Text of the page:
The New York Court of Appeals noted that J.P. Morgan had "demonstrated that the $140 million disgorgement payment was calculated based on wrongfully obtained profits as a measure of the harm or damages caused by the alleged wrongdoing that [J.P. Morgan] was accused of facilitating," and contrasted that compensatory payment "with the $90 million payment denominated a 'penalty,' which was not derived from any estimate of harm or gain flowing from the improper trading practices."
For policyholders dealing with the SEC, some lessons can be drawn from J.P. Morgan's successes.
First, policyholders should be prepared to argue for coverage based not only on the labels assigned to particular payments, but on the purposes of the payments and the purposes of the coverage. Most D&O insurance policies include coverage for damages or settlements, but exclude coverage for amounts wrongfully obtained and for fines and penalties. For example, some policies exclude from the definition of "covered loss" any amounts constituting remuneration, profit or other advantage to which the insured was not legally entitled, and any amounts constituting penalties imposed by law. In some states, even when the policy language does not contain an express exclusion, coverage for returns of ill-gotten gains or for fines and penalties may be precluded as a matter of public policy.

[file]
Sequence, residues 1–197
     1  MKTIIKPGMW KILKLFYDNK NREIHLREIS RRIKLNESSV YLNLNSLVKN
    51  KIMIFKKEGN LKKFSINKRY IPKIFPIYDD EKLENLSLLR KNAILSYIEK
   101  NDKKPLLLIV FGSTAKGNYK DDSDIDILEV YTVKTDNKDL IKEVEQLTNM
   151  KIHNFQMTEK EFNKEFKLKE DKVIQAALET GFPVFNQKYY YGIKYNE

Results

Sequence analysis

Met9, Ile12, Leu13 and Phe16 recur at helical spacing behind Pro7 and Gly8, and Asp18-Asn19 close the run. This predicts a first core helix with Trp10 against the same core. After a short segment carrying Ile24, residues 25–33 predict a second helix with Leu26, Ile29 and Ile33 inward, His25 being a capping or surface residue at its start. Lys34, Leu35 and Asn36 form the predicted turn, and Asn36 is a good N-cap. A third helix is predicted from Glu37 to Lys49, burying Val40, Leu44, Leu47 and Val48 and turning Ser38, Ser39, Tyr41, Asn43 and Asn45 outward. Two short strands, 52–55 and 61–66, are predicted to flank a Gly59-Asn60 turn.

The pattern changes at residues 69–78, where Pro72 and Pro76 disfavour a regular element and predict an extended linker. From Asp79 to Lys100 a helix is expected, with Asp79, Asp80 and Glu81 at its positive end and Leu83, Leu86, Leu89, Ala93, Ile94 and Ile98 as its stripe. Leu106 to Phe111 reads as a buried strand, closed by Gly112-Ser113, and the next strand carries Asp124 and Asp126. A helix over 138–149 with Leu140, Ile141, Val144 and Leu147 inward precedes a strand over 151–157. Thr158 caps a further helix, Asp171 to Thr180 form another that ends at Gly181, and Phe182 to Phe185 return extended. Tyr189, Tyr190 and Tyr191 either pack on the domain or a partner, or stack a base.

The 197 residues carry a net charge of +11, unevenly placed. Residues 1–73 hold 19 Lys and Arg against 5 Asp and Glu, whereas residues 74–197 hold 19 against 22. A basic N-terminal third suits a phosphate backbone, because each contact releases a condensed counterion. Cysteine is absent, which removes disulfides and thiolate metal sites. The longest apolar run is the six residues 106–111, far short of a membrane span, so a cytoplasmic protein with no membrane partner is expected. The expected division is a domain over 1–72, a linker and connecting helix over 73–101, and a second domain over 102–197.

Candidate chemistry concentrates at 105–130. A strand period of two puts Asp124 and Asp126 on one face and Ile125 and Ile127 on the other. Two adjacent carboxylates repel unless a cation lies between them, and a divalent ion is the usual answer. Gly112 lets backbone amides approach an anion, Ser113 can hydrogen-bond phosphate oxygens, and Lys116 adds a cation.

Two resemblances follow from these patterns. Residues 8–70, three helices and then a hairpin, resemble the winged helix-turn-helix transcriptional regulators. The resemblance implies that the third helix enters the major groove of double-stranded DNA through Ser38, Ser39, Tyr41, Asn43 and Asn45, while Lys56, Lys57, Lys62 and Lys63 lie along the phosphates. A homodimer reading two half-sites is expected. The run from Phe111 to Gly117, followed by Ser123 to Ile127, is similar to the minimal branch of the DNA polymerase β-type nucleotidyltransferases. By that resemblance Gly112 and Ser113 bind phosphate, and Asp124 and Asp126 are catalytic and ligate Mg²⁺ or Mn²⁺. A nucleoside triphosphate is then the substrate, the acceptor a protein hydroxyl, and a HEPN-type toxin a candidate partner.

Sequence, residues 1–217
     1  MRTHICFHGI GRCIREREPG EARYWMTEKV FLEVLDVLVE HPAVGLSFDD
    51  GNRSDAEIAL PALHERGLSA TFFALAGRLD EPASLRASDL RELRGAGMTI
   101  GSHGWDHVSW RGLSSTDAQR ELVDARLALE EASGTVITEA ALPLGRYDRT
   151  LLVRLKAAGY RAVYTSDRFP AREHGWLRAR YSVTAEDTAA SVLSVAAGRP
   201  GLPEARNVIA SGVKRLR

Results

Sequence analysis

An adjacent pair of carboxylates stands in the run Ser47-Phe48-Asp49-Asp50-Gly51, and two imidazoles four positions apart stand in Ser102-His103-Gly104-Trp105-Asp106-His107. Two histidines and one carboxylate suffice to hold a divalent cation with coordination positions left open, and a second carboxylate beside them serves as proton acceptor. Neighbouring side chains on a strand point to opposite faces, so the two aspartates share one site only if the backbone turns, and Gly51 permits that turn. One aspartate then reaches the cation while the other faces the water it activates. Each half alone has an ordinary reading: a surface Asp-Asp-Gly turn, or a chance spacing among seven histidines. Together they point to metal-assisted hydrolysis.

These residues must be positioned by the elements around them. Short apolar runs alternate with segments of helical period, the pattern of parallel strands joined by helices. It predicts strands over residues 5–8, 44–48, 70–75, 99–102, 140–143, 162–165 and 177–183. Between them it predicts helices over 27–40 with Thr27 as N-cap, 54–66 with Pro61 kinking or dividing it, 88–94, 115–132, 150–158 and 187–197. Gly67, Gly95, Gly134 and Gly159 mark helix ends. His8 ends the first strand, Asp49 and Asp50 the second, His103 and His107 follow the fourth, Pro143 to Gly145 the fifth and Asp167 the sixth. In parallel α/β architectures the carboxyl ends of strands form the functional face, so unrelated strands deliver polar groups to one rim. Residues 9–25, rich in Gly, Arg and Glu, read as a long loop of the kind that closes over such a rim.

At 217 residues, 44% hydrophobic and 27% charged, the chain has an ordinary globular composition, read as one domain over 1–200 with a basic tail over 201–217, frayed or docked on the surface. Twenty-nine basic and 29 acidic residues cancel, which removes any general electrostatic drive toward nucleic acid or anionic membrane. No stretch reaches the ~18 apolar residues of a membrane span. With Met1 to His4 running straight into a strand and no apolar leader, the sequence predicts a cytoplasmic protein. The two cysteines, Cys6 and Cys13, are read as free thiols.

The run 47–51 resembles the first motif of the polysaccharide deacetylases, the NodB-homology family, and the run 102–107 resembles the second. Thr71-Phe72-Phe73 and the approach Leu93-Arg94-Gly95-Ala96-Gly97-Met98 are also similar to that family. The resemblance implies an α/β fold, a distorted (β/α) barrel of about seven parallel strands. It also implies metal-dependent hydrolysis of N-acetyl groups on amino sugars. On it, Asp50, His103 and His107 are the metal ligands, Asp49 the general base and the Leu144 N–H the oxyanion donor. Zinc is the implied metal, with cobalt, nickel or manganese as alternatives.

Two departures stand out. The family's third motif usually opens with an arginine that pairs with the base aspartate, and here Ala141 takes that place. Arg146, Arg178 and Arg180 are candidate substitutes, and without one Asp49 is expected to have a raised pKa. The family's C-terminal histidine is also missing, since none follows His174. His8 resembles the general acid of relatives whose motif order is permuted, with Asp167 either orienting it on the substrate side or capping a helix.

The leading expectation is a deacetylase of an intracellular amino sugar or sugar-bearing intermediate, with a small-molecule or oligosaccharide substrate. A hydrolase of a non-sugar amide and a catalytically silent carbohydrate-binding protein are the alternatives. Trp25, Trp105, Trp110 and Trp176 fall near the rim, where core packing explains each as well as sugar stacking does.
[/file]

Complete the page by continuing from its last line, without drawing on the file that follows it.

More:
A policyholder will want to draft settlement agreements with the SEC to enable the policyholder to argue that the payment is in the nature of compensation for alleged losses rather than a return of ill-gotten gains or a penalty.
A policyholder should be prepared to point to facts beyond the SEC's standard terminology.
When SEC enforcement actions are litigated to conclusion and result in payments from respondents, those payments are almost always described as either penalties or disgorgements. Unlike private civil lawsuits, SEC enforcement actions generally do not result in awards of damages.
This follows from the enabling Statute 15 of the U.S. Code, Section 78u-2, the civil remedies section of the Securities Exchange Act, which grants the authority to impose penalties and to enter an order requiring accounting and disgorgement. Thus, when a court or other tribunal actually orders a disgorgement as part of an adjudication, it is ordering the defendant to pay an amount that reflects ill-gotten gains.